All The Best New Indie Music From This Week

Managing Editor, Music

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Indie music has grown to include so much. It’s not just music that is released on independent labels, but speaks to an aesthetic that deviates from the norm and follows its own weirdo heart. It can come in the form of rock music, of pop, or of folk. In a sense, it says as much about the people that are drawn to it as it does about the people that make it.

Every week, Uproxx is rounding up the very best of the indie releases from the past seven days. This week offered up the latest new records from Interpol and Blood Orange, the debut of supergroup Boygenius, and an Empress Of track that quickly jumps into the Best Of The Year conversation. It was a pretty great week for indie music.

Interpol — Marauder

Consistency is one of the best things a band can strive for, and Interpol’s ability to turn out a product that always sounds like themselves and still pushes their music to new creative peaks has made them one of the most enduring bands of the aughts. In his interview with the group, our own Steven Hyden notes that “Marauder puts the focus on the fiery interplay between the musicians.” When a band knows each other as well as these guys do, that’s a recipe for another memorable work.

Blood Orange — Negro Swan

Dev Hynes has made a name for himself both as a producer/songwriter for others (including the likes of Solange, Carly Rae Jepsen, and Haim) and for his own stellar Blood Orange project. His music can often feel fluid, with ideas pushed up against each other, rapidly shifting into the next. On his latest, our own Aaron Williams writesNegro Swan is him granting permission, although it should never be needed, to grant yourself grace and the room to be yourself in all your ill-fitting inconvenience. Who cares what the establishment has to say? You belong.”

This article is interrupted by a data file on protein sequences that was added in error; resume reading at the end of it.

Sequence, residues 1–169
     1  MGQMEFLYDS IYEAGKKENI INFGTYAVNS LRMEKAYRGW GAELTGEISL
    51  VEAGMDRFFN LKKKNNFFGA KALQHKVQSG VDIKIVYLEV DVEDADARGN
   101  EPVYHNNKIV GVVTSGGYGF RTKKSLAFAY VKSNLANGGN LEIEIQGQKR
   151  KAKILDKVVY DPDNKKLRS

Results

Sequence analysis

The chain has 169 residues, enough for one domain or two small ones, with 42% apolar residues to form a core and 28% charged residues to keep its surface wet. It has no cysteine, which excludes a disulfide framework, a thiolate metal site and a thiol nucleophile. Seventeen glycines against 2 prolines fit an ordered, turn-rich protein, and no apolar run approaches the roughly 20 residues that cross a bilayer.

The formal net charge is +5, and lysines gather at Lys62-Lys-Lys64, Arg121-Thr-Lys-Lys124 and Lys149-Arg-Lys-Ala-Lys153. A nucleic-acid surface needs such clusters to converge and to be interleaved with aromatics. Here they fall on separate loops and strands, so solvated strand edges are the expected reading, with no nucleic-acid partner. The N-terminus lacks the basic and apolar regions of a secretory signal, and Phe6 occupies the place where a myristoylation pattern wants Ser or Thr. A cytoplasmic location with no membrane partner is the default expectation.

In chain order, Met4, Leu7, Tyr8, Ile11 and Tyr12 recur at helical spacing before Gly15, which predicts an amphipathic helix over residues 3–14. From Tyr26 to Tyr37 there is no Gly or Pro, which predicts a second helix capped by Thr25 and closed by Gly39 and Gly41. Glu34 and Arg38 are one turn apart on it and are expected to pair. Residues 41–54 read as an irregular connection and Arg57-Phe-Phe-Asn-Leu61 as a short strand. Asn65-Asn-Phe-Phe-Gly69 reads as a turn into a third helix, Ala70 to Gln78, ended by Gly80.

Lost Under Heaven — For The Wild

Since Wy Lyf unceremoniously ended in 2012, leader Ellery James Roberts has been making music with Ebony Hoorn as Lost Under Heaven, or LUH. Roberts’ voice remains as desperate and toasted as ever, but the project feels to be in a constantly evolving nature with this trio of new songs. One tune finds Hoorn taking a role at the center — and all are absent of the Haxan Cloak production that helped make their first album so memorable — but Roberts can craft an epic at will and these songs all go for broke, making LUH’s ambition their greatest asset.

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